Traffic was flowing smoothly; I was making every light through this busy urban area of Delaware that I normally loathe, but once the lightning started lighting up that menacing sky, it was time to pull into a shopping center parking lot and start getting prepared.
As I'm scrambling to unstrap my goretex riding pants and jacket from my back rack (I'd been riding all day in a tee-shirt, work pants, and a three-quarter open-face helmet) my phone starts making weird noises (that I'm not familiar with) in my tank bag. After retrieving the phone, it has a mind of it's own and is producing a large tornado warning message across the screen. The wind is picking up in force!
It's 5:00 p.m. - and I still haven't eaten much for the day, so in between removing boots and donning pants I'm grabbing bites of dehydrated apples and turkey jerky. Just as I snap on the clear face shield for my helmet the sideways rain slams into me in torrents. Day turned into night at 5:00 p.m. with rain and wind blowing sideways out of the west. We had to seek cover. There was a huge split-face block building (Tire Choice Auto Service Center) in this shopping plaza so the GSA and I hunkered down against the back wall as most of the chaos blew over us. It was even hailing! The winds ripped all of the banners and flags down on the building. As we were sitting there, the eerie tornado warning sirens were wailing throughout the storm.
After approximately 30-minutes the heavy winds had subsided, but the rain persisted. That being the case it was time for me to do some rain riding. I'd take it mellow and keep in mind the fact that the GSA was sporting adventure tires. So, I turned up some techno chill on the radio and plunged out into the rain to make some miles. At least it was cooler now; the temperature plummeted from 90° down to 68° and felt refreshing. When you're on the road you have to be prepared mentally and learn to embrace any weather that you might encounter; dealing with various weather heightens the travel experience.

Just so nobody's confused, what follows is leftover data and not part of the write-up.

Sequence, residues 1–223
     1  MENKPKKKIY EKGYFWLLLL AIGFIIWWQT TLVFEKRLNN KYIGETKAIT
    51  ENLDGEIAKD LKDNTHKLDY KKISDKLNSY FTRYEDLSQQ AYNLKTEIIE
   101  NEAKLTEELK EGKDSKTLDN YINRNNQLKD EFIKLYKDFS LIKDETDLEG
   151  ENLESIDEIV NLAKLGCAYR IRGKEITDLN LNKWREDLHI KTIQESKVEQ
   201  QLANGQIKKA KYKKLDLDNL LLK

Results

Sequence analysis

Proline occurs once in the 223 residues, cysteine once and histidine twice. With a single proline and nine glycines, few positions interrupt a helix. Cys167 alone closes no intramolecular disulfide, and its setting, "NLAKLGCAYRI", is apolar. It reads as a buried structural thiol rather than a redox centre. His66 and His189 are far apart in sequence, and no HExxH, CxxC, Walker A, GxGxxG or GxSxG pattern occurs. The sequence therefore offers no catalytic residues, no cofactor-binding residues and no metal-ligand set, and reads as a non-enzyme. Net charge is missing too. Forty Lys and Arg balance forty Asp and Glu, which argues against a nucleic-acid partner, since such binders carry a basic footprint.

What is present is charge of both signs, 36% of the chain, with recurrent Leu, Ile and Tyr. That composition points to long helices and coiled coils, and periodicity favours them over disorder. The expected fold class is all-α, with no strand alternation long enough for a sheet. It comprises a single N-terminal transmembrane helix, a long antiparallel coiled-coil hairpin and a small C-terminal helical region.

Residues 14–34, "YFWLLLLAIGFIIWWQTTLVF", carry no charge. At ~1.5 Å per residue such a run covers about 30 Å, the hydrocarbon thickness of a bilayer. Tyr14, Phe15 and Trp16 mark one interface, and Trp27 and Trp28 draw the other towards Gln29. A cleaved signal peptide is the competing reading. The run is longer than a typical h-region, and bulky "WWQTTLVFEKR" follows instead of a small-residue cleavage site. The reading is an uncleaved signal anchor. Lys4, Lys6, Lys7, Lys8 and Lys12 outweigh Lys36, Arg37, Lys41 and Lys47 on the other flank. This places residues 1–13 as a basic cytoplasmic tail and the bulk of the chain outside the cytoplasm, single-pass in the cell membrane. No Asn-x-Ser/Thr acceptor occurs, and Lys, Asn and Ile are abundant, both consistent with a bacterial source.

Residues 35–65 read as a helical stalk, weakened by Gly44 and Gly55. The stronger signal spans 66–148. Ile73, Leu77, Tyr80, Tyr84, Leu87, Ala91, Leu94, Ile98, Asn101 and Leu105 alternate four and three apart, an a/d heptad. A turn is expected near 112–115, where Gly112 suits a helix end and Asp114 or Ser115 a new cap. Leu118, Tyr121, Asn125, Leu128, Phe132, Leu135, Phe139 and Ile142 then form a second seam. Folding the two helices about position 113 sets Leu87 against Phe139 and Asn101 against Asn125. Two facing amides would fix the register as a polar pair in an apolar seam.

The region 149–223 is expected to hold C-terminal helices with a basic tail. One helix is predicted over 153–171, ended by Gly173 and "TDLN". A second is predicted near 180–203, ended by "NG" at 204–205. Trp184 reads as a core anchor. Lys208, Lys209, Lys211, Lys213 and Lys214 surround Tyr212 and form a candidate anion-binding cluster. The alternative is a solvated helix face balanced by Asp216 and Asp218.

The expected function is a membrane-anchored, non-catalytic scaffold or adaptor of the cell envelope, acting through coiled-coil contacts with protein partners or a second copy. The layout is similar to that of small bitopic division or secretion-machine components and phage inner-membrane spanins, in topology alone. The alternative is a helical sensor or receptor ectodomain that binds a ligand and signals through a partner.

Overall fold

After about an hour of riding in the rain, the skies cleared and things dried out. As I was approaching Toledo the sky was looking questionable again, but nothing came of it.
Numbers after arriving home:
Fuel MPG: 44.3 (AFXied set on 7)
Average Speed: 39.2
Front Shinko 804: 8/32nd's (7/32nd's to wear bar) not much of a wear bar. 32 PSI.
Rear Mitas E07: 9/32nd's (5/32nd's to wear bar) huge wear bar. 35 PSI.
Ran those tire pressures on the way down, during, and home. Not by design, necessarily. Forgot to check them until I returned home. I know ... complacent.
Wonderful writing, pictures, and thoughtful encounters. Glad to see there was no weather misadventure. Sad to see the last instalment of the TOT.
Nice write up and pictures Jeff. Thanks.
Hoping everyone has a wonderful Veterans Day!